Somali Journalist Speaks Out Against Detention and Torture in New Video

by | May 13, 2023 | Blog

Somali journalist Abdalle Ahmed Mumin, a co-founder of the Somali Journalists Syndicate, was detained for 13 days at Mogadishu airport while travelling to Nairobi. During this trip, the 35-year-old journalist was held for three days at a notorious prison operated by intelligence services before being transferred to police custody.

In a new video released on the New Humanitarian website, Abdalle recounts being taken to an underground cell run by the national intelligence agency in Mogadishu. He was repeatedly harassed and physically and mentally tortured. This has led to concerns about journalists’ safety in Somalia.

On March 28, while in Kenya, Abdalle wrote a lengthy post on his Facebook page in the Somali language. In it, he expressed his difficulties over the past few weeks. Abdalle faced several challenges, including sickness, lack of access to medical care, and being barred from leaving the country. has translated the post from Somali to English.

“Yesterday was a day that I will never forget.I was stopped for the third time from leaving the Aden Adde airport in Mogadishu. The director of the Department of Immigration, Abdul Qadir Ilmi Ali (Abdul), told me a travel ban was in place. I spent over five hours at the airport, from 10 am to 3 pm, hoping to be able to leave finally.

As I entered the airport, I was already feeling tense. To my surprise, policemen and NISA officials tried to prevent me from entering the terminal. Later, we discovered that NISA director Mahad Salad had given the order to ban my travel. This was not the first time this happened; I had been turned away from the airport on October 11, 2022, and October 18, 2022.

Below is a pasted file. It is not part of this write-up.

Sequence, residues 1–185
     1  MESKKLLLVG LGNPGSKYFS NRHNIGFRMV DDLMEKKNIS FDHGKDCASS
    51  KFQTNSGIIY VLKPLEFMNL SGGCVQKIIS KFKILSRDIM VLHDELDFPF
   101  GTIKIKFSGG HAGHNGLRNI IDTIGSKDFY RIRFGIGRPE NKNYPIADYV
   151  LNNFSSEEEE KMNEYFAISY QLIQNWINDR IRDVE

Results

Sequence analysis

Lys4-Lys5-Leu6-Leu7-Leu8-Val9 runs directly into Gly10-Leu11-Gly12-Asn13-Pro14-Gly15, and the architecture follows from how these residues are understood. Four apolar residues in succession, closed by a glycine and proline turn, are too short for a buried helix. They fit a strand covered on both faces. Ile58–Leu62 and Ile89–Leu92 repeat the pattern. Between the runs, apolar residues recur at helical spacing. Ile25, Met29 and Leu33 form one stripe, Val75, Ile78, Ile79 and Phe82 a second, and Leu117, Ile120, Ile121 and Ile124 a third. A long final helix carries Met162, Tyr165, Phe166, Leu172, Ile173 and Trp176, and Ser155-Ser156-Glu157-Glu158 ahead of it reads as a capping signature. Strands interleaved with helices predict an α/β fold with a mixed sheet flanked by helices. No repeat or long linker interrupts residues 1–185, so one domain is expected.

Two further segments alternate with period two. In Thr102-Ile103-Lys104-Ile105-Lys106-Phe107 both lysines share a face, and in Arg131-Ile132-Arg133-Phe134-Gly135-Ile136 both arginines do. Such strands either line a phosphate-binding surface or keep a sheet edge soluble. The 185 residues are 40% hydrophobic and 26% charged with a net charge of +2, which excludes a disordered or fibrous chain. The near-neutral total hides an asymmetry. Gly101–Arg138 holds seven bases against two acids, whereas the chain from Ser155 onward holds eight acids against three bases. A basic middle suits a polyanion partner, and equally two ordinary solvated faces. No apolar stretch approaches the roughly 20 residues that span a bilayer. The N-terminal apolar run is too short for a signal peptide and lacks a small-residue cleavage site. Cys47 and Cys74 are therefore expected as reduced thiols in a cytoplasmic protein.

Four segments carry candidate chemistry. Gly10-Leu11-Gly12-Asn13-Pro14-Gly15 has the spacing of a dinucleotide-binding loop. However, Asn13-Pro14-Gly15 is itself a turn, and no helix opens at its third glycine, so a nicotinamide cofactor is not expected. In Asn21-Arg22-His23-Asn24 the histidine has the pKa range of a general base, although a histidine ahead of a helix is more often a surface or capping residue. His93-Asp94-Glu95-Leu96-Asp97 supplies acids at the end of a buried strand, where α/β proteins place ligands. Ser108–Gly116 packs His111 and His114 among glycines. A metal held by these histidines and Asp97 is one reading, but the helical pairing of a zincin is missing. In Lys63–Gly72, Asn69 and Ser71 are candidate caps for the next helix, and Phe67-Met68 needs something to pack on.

The past few weeks have been incredibly difficult for me. I have been sick, unable to access the medical care I need, and prevented from seeing a doctor. Even the simple act of having a family member visit me or getting some time in the sun has come at a cost, and I have proof of this. What hurts me the most is the fear and sadness that my children are feeling. They have not seen their father in six months and do not understand why.

All of these abuses have occurred in Mogadishu, where I grew up and spent most of my life. It is the place where both my parents are buried. I have lost faith in justice. The court where I sought justice for Salah Dheere and Salah Daban has turned against me. I have been targeted as an individual and a family, and the abuse and punishment I have faced is unacceptable.

I am grateful to those who have supported me during this difficult time. I want to thank the members of Parliament in both houses, the press community, the human rights community, international diplomats, lawyers, independent politicians, and the Somali public (boys and girls) who have stood by me. Your support means everything to me.

Now, as I leave Mogadishu, I am filled with mixed emotions. I have a fever, and I have lost faith in justice. I have even begun to doubt my Somaliness. I have been held captive for 166 days, and my rights as a citizen have been violated. I do not feel safe anywhere. However, I know that I will not give up. I will continue to fight for my rights and those of others unfairly targeted. I will not let this defeat me.”


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